Romancing the Drone: The Unravelling

In a series of articles for Al Jazeera I had questioned the improbably low casualty figures being cited by the US and Pakistani authorities and endorsed in the bogus statistics produced by the New America Foundation. Gen. Petraeus’s former counterinsurgency advisors David Kilcullen and Andrew Exum had already suggested that up to 98 percent of those killed in the drone strikes may be civilians. Recently, the Bureau of Investigative Journalism had conclusively debunked the CIA’s claims about success of its policy. Today none other than the former Director of National Intelligence Admiral Dennis Blair has called for an end to the drone strikes because he believes the tactic is dangerous and a complete failure which only kills some mid-level militants [in other words it kills a whole lot of civilians since over 2,500 Pakistanis have been killed so far].

Naseema Noor of IPS reports on the recent Bureau of Investigative Journalism study:

Led by British investigative journalist Chris Woods and Pakistani journalist Rahimullah Yusufzai, the study found that at least 45 civilians, including six children, have been killed in 10 drone strikes since August 2010 alone, while another 15 attacks between then and June 2011 likely killed many more.

According to the study, civilians die in one out of every five Central Intelligence Agency (CIA)-operated drone attacks in the tribal region, located on the border with Afghanistan, a statistic that the Bureau says can no longer be denied by the U.S. government.
Continue reading “Romancing the Drone: The Unravelling”

And the drone policy continues…

There is no single journalist who is more knowledgeable and incisive when it comes to the consequences of the so-called ‘war on terror’ on Pakistan than Rahimullah Yusufzai. Since so much nonsense has been proliferating about Pakistan courtesy of both ill-informed Western journalists, and the native informers (*), PULSE will strive to provide fuller coverage of developments in the region.  Here is Rahimullah Yusufzai on the continuing US bombing of the Pakistani tribal belt.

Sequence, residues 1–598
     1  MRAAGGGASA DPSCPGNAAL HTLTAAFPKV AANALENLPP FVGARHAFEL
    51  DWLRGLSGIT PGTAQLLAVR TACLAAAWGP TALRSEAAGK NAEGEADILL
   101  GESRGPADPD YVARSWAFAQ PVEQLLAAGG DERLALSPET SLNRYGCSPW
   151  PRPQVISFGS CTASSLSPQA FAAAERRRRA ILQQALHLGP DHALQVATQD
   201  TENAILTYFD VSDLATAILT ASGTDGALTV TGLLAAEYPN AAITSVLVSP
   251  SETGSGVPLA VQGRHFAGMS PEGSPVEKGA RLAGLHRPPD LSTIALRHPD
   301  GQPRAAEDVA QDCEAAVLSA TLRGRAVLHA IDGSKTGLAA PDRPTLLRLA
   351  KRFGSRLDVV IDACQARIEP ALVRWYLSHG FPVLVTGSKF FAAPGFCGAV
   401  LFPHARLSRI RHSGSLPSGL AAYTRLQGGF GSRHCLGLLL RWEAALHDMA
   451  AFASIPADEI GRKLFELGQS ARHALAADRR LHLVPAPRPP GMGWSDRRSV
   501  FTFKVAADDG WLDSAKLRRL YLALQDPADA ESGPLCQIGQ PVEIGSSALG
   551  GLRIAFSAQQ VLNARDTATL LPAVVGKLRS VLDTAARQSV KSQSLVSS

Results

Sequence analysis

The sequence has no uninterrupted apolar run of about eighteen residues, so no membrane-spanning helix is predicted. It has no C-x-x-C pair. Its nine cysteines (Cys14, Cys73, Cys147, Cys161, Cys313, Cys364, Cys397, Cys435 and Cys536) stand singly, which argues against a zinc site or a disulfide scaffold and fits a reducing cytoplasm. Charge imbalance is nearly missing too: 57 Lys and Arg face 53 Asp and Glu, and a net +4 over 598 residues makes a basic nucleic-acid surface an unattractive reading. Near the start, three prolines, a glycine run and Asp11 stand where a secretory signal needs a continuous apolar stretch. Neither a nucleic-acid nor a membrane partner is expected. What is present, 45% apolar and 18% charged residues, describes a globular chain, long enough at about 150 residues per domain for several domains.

The issue of missile strikes by US drones in Pakistan’s territory has dominated politics and the media in recent days and weeks. The new Obama administration has made it clear the attacks will continue despite statements of disapproval on an almost daily basis by Pakistani leaders, who argue that this policy was undermining Islamabad’s efforts to counter the militancy.

Robert Gates, who has been retained as defence secretary by President Barack Obama to ensure continuity to Washington’s policy in its ongoing wars in Afghanistan and Iraq, became the first American official last week to publicly comment on the issue of drone attacks in Pakistan’s tribal areas. Normally, US officials avoid commenting on the topic in public and instead unnamed sources in the Pentagon or the intelligence agencies leak information to the American media about such attacks, along with the claim that someone important in Al Qaeda had been killed. At a hearing of the Senate Armed Services Committee, Mr Gates said the US would continue to carry out missile attacks against Al Qaeda militants in Pakistan. The US, he warned, will “go after Al Qaeda wherever Al Qaeda is.” He also said the decision had been conveyed to the government of Pakistan.

Continue reading “And the drone policy continues…”

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